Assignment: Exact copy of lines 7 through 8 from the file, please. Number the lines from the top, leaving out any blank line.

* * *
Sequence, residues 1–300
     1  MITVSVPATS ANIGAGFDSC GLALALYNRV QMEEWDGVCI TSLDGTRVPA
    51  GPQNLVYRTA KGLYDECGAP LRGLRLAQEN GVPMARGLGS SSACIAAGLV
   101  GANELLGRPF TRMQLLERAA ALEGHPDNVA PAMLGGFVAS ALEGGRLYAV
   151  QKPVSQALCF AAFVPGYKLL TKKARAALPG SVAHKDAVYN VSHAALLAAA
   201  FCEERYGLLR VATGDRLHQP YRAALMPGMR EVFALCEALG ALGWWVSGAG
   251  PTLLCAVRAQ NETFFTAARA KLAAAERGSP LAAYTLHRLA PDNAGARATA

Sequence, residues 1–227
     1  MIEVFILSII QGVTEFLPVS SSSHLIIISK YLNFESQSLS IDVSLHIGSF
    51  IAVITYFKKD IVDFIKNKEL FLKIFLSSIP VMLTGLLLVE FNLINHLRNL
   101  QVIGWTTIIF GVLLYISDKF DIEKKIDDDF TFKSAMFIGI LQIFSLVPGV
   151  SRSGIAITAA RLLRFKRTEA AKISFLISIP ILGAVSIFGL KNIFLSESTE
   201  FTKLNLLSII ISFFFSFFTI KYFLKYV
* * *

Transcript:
   251  PTLLCAVRAQ NETFFTAARA KLAAAERGSP LAAYTLHRLA PDNAGARATA

Sequence, residues 1–227